Trump cares as much as Biden cares, or the effects of their caring and not-caring are the same, which is to say that nothing changes either way, but at least Trump doesn't bother to pretend, and it's thrilling, from this perspective, to see a modern politician play the game so foully.

To even articulate your despair under these conditions is to be shamed relentlessly by people who don't give any fucks about you besides your capacity to vote for their candidate. Over at the Times, the top comment on a story about disaffected voters who sat out in 2016 says it all:

To call someone drowning in suffering and despair a child is a special kind of American sociopathy. And that's not to even speak of the great Shamer in Chief, Obama, who perhaps more than any other player in the game moved all the pieces to guarantee Biden's victory in the primary, and was on the phone with Pete Buttigieg the night he conceded. Now Obama is tweeting that because someone suffering from ALS is voting, we must do the same:

That Obama's tweet is incomprehensible at the political level—why am I supposed to vote for Biden when I can't afford my current insurance premium under the Affordable Care Act, as someone also living with a chronic condition?—as it is emotionally gutting, says it all: there's no why here, only the shallow feeling of a why.

Trump is another kind of political player entirely. He understands that there are a lot of players out there whose chief strategy in play is not to win so much as to make all the other players at the table feel the cold depths of their defeat. Winning is all well and good, in this line of thinking, but beating your enemies is infinitely better. When Conan is asked in Conan the Barbarian, "What is best in life?" he answers:

Animated gif from the movie Conan the Barbarian. Camera zooms in on Conan, who is answering the question "What is best in life?" His answer: "Crush your enemies, see them driven before you, and hear the lamentation of their women."

Conan's answer comes from a life of unceasing violence and suffering, despair and the unnamed chambers beneath despair. Pundits drive themselves crazy into wondering why people often vote against their own political interests, as is the case with many poor white Americans voting down the Republican ticket, but most pundits write from a vantage of comfort and security that is unimaginable to the poor and working classes in this country. I think that most of Trump's supporters understand the play of voting better than The New York Times editorial board: nothing ever changes, but my God it feels good to watch my enemies turn red.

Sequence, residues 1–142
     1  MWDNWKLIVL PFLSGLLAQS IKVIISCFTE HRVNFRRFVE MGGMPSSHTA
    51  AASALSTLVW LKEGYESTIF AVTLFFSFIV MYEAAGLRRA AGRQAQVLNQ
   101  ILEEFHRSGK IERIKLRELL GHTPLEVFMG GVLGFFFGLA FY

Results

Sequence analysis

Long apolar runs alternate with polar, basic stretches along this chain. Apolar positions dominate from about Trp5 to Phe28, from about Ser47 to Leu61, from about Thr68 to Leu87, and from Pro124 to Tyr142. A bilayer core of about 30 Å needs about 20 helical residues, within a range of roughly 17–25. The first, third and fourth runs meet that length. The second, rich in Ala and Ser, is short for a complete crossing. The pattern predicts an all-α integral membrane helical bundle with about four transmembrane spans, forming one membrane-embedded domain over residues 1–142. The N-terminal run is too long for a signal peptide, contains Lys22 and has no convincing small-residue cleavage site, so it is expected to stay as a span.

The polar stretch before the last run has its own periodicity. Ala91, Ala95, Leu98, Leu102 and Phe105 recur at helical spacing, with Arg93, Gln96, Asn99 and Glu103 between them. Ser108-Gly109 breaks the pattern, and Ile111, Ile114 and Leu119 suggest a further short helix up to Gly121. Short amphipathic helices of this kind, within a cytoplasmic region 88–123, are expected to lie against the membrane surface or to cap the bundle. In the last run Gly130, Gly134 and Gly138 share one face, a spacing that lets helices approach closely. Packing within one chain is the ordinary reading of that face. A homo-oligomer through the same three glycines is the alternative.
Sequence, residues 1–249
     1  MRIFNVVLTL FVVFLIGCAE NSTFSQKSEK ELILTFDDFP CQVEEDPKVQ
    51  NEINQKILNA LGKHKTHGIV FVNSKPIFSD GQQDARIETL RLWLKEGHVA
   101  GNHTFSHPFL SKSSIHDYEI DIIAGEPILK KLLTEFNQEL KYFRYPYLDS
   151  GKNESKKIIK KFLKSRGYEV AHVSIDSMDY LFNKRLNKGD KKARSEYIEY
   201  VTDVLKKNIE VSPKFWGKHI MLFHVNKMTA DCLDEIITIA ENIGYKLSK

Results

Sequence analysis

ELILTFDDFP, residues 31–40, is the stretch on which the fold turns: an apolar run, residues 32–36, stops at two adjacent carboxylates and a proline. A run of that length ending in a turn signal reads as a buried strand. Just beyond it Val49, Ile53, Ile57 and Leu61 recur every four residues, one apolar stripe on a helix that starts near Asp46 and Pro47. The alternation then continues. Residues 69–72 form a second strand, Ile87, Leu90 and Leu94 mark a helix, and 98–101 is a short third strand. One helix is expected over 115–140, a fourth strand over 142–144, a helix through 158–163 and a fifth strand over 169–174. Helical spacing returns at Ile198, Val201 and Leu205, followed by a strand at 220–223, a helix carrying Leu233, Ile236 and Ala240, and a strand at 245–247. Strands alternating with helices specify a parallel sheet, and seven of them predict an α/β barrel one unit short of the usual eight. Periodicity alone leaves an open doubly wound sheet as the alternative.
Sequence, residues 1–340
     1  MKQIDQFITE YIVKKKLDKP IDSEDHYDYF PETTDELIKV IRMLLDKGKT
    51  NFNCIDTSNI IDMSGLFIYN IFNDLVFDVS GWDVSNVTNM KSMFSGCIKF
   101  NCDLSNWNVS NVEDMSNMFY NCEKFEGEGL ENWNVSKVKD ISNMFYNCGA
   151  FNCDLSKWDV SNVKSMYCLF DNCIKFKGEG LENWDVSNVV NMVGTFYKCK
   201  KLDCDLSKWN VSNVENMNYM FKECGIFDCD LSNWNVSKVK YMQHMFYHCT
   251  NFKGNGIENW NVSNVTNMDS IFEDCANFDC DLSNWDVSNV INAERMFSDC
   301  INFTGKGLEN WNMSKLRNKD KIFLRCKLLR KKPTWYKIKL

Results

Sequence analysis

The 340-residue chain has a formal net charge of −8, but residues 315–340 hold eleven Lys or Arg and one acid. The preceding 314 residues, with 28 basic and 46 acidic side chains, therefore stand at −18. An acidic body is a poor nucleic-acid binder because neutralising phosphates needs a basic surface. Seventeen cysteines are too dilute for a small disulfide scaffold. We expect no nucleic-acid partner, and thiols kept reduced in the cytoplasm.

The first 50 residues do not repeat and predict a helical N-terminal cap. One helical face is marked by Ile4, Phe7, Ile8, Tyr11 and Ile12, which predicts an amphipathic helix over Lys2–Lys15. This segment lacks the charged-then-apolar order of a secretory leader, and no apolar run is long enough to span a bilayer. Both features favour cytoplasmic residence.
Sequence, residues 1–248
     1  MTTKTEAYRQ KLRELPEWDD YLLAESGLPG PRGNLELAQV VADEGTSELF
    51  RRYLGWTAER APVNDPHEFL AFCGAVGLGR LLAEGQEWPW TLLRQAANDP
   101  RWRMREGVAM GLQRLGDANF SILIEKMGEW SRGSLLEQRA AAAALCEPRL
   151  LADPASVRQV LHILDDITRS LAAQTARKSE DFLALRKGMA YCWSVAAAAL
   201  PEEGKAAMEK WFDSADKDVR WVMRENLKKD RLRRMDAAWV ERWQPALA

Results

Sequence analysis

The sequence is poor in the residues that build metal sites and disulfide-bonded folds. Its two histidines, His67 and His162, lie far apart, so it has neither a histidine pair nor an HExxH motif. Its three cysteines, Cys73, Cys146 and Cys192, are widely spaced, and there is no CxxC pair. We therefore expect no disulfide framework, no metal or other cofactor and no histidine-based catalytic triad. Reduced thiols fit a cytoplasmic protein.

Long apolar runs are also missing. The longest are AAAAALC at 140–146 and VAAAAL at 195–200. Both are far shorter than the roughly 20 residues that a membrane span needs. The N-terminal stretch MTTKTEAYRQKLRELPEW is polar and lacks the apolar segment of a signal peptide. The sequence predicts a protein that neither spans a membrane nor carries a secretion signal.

Enough! What should I do this November? Vote Biden? Abstain? Am I supposed to stomach the idea of another four years of Trump? Sure Biden is bad, but isn't Trump profoundly worse? Can't we drop the play and work ceaselessly once we get Biden elected? Reader, I have no answers. My absentee ballot is sitting unopened on my kitchen table. I keep thinking I'll open it, fill in my bubbles, and seal my choices up. I'll then walk to town, a little more than a mile, a pleasant walk, come to think of it, past my favorite tree that has erupted into a yellow so searing, it sears through my seeing. I will wander into town, to Town Hall, where I'll drop my ballot into the ballot box. I won't feel good about any of it. Voting is an act of play and hope, and I am not playing around, and I am hopeless. This is all in my thinking, of course. I haven't acted on anything yet.

In a state of great religious agony, St. Silouas is said to have been visited by God who told him, "Keep your mind in hell, and don't despair". The inflexible impossibility of God's words, like a koan that has no solution besides that it's unsolvable, like the inelegant words of a mystic who was said to be nearly illiterate, keep me pacing around the many chambers of my despair.

I never want to play this game again.